British Columbia

'It's heartbreaking': Ministry pauses visits between foster kids and family during pandemic 

Family members are temporarily banned from physically visiting their children in foster care during the COVID-19 crisis. Advocates say the move is heartbreaking but neccesary.

Government says families can visit virtually through Skype or telephone

Soraya Bellou, a former youth in care and now advocate with Fostering Change, says the coronavirus precautions, while necessary, are putting children and youth who have little support at risk.  (Maggie MacPherson/CBC)

The Ministry of Children and Family Development is suspending visits between children and youth in care and their biological family members, in an effort to stop the spread of the coronavirus. 

It's a move that one advocate calls hard but necessary.

It's heartbreaking," said Jennifer Charlesworth, British Columbia's representative for children and youth.

While she understands that families and kids benefit from ongoing connection and are suffering without it, she also sees that the pandemic has created a challenge. 

"The recommendations from the provincial health office around physical distancing ... have brought them to this place," Charlesworth said. 

For its part, MCFD says the decision to temporarily pause in-person visits between children and youth in care and family was made by the provincial director of child welfare under that office's legal authority.

In a statement to CBC, the ministry said it is supporting virtual visits through Skype and by telephone and that exceptions can be made for special circumstances.

The ministry says the measures are based on the latest recommendations from the provincial health oficer.

Drop in abuse calls

Charlesworth fears that the crisis could bring more violence into the homes of vulnerable children, since adults are stressed, kids are at home all day, some parents have lost jobs and are facing a very uncertain future.

However, in comparison to last year during the same time period, the number of calls to MCFD to report abuse has dropped somewhat. From March 3 to March 17, 2019, there were 16,826 protection calls and this year, in the same weeks, there were 16,342 calls. 

She and other advocates also worry about youth in care being isolated since many have limited family support, and now do not have the support of school or regular in-person visits with their youth workers.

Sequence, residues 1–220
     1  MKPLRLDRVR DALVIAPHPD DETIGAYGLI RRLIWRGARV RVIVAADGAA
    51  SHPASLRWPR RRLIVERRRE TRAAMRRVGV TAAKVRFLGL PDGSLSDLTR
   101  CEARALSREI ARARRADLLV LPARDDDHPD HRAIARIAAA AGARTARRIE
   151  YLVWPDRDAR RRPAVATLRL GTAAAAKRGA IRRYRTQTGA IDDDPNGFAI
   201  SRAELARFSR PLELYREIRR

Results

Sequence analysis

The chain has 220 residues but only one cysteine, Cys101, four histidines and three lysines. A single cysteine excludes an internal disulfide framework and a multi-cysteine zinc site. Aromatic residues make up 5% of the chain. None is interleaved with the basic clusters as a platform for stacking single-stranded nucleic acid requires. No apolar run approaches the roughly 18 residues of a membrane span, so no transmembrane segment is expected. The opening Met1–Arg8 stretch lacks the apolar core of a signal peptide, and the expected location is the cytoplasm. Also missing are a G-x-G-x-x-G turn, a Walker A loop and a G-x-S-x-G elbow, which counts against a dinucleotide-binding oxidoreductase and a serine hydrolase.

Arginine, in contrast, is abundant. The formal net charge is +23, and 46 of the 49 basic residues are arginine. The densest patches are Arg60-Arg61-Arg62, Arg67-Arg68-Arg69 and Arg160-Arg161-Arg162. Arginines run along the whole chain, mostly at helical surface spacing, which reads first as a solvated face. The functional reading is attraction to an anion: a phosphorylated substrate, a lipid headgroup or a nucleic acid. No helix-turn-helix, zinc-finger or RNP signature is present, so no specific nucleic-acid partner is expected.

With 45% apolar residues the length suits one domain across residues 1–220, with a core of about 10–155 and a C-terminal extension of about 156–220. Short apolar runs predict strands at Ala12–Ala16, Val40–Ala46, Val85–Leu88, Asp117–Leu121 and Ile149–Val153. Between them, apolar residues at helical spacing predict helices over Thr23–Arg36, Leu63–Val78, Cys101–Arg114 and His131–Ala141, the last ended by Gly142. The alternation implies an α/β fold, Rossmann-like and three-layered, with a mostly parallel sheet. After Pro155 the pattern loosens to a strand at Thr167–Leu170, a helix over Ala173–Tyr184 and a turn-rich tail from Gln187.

Jennifer Charlesworth, British Columbia’s representative for children and youth, says she feels for the youth and children, their workers and the family members who are affected by the pause put on visits during the COVID-19 crisis. (Office of the Representative for Children and Youth)

"You've got a heightened vulnerability now that you've got a pandemic," Charlesworth said. 

Soraya Bellou, a former youth in care and now youth advocate with Fostering Change, worried that the needs of youth in care and those who have '"aged out" — meaning those who have reached 19 and are no longer eligible for certain government supports — would be swept aside during the crisis.

"They weren't sure if they were going to be aging out and kicked out onto the streets during the pandemic, if they were going to be essentially left for dead, " Bellou said. 

Help from province 

In order to get support from their guardian, the government, youth in care living on their own need to prove they are in contact with youth workers, are going to therapy, have work and going to school, all of which has been stripped away since the pandemic hit B.C.

Fostering Change, petitioned the B.C. government to step in to support youth in care and those aging out.

This week it did. 

The province announced it would extend supports to help youth in care during the pandemic. In a statement,  MCFD said youth in care will not age out of services during the COVID-19 crisis and those who have recently aged out will get extra assistance.

"We have to step up urgently to support those young people during these times, because there is so much greater risk for homelessness, substance use problems and overdoses and exploitation," Charlesworth said. 

Jennifer also wants assurances that youth who may be exposed to the virus are getting the care they need and have a place to go if they do get sick. 

"It matters every day regardless of whether the crisis happened or not, that we support these young people, but man it really, really matters now."


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